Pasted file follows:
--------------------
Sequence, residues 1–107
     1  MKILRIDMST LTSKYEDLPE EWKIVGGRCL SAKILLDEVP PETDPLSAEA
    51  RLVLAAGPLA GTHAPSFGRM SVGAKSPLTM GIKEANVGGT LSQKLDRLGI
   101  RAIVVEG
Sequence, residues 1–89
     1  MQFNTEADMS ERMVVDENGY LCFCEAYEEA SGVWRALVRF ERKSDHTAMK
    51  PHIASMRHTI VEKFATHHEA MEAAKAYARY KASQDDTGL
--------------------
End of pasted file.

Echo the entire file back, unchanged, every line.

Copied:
Sequence, residues 1–107
     1  MKILRIDMST LTSKYEDLPE EWKIVGGRCL SAKILLDEVP PETDPLSAEA
    51  RLVLAAGPLA GTHAPSFGRM SVGAKSPLTM GIKEANVGGT LSQKLDRLGI
   101  RAIVVEG
Sequence, residues 1–89
     1  MQFNTEADMS ERMVVDENGY LCFCEAYEEA SGVWRALVRF ERKSDHTAMK
    51  PHIASMRHTI VEKFATHHEA MEAAKAYARY KASQDDTGL